Classic Computer Magazine Archive CREATIVE COMPUTING VOL. 10, NO. 8 / AUGUST 1984 / PAGE 113

Progress on the project: an interview with Dr. Kazuhiro Fuchi. David H. Ahl.

In sharp contrast to the ICOT research quarters described by Feigenbaum and McCorduck, 21 months later in April 1984 we found the same area overcrowded and a beehive of activity. The tables were piled high with books, notebooks, and papers. Computer terminals and Prolog workstations were sandwiched between the piles of books and papers. Most of the windows were shaded, probably because the glare interfered with the use of the CRT screens, although peering out at the bleak, gray weather was hardly inspirational. The DEC 20 was on its way out, soon to be replaced by a VAX system and more Prolog workstations.

Although many U.S. researchers in AI question the use of Prolog instead of Lisp, Fuchi is more and more convinced that Prolog was the right choice. He feels it is more suitable for producing the four basic software modules: problem solving and inference, knowledge base management, intelligent programming, and intelligent interface.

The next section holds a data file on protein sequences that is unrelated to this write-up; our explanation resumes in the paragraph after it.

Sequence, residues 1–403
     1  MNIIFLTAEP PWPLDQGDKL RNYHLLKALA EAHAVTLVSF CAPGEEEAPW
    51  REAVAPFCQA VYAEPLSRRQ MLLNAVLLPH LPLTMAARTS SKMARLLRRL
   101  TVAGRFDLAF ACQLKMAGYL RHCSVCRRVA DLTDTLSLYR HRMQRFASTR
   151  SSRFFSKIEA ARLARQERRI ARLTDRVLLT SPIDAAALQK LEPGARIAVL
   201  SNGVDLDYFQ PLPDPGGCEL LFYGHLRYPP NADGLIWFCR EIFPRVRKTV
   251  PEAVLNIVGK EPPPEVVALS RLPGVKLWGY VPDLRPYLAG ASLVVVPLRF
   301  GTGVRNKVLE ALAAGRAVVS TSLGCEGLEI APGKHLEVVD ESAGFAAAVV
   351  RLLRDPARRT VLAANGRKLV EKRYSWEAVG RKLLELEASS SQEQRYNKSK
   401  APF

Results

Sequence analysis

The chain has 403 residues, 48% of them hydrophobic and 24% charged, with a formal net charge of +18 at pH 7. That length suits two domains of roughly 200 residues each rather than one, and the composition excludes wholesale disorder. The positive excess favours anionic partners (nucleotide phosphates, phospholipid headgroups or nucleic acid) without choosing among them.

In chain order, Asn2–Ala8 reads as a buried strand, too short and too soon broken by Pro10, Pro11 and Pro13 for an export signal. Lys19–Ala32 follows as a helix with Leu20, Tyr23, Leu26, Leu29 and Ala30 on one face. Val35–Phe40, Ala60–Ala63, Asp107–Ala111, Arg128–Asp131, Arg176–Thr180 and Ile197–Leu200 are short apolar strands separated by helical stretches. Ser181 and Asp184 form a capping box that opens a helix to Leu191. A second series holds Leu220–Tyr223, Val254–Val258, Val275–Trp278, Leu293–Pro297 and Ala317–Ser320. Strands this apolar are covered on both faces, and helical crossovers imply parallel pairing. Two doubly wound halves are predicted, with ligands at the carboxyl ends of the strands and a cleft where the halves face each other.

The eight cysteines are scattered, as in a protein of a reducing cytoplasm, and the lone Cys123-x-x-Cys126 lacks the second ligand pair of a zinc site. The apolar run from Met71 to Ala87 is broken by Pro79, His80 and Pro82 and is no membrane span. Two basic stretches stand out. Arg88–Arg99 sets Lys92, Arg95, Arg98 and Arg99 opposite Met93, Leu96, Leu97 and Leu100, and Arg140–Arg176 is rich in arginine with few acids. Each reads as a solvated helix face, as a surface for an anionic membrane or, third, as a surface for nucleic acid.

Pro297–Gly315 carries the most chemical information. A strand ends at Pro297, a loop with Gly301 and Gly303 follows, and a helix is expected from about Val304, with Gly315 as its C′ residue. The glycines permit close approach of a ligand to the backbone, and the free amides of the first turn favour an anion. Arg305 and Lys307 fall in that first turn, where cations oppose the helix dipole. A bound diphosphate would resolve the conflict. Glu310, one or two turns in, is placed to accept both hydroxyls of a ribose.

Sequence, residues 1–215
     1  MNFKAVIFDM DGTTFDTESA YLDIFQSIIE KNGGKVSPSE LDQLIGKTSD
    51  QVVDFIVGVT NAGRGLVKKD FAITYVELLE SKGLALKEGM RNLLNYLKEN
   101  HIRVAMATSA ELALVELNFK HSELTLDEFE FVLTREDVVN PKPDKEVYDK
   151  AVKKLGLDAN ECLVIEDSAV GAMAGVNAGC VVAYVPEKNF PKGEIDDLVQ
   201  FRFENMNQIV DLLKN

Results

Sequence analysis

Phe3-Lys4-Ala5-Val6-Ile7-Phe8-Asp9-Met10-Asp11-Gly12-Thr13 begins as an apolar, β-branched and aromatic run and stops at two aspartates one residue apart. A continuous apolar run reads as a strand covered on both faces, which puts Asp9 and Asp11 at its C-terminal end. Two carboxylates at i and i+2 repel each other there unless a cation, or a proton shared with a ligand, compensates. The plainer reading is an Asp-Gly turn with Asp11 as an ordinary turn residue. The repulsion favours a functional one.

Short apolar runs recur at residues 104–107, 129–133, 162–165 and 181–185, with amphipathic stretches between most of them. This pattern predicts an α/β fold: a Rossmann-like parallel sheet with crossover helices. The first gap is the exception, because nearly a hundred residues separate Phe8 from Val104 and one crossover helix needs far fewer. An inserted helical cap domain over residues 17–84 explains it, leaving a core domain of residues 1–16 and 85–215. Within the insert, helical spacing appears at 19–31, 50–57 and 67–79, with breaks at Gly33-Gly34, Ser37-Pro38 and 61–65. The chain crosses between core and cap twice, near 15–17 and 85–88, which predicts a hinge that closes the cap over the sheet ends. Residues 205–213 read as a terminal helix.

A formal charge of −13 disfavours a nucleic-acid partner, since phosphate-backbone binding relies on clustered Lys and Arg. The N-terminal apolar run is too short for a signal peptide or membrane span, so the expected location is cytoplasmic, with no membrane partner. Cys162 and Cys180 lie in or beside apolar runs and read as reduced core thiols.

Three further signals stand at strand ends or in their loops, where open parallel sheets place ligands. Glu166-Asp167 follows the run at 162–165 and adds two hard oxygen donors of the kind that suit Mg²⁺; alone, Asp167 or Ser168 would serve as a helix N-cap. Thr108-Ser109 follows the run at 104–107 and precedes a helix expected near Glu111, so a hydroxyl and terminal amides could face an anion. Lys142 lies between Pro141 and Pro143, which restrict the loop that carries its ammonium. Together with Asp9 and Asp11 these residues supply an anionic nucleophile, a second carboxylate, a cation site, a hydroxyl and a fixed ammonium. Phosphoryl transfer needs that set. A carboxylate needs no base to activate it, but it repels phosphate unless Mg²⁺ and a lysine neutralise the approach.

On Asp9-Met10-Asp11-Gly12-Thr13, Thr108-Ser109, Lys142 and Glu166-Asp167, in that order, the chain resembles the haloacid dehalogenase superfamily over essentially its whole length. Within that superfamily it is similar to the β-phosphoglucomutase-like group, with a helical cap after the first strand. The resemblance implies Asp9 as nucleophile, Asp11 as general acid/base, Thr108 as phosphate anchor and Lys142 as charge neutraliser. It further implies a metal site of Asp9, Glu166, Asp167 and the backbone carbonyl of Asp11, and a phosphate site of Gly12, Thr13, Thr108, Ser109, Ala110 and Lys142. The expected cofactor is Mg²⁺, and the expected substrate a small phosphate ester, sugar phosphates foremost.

I asked how the software was coming along, particulary the modules to perform natural language processing. "So far," Fuchi said, "the focus is mainly on semantics although we are also working on translation between Japanese and English." Success in this area has proved quite elusive to many other researchers over the years. However, the Japanese are concerning themselves only with well-defined technical areas. Hence the size of the dictionary can be limited and there are few ambiguous word meanings.

By April 1984, the 40 researchers were now 42 in number; 3 from MITI, 4 from NTT (the national telephone company), and the remaining 35 from the 8 participating companies. Originally scheduled for three-year periods with the project, more than one-half of the researchers are now planning to stay for a longer period.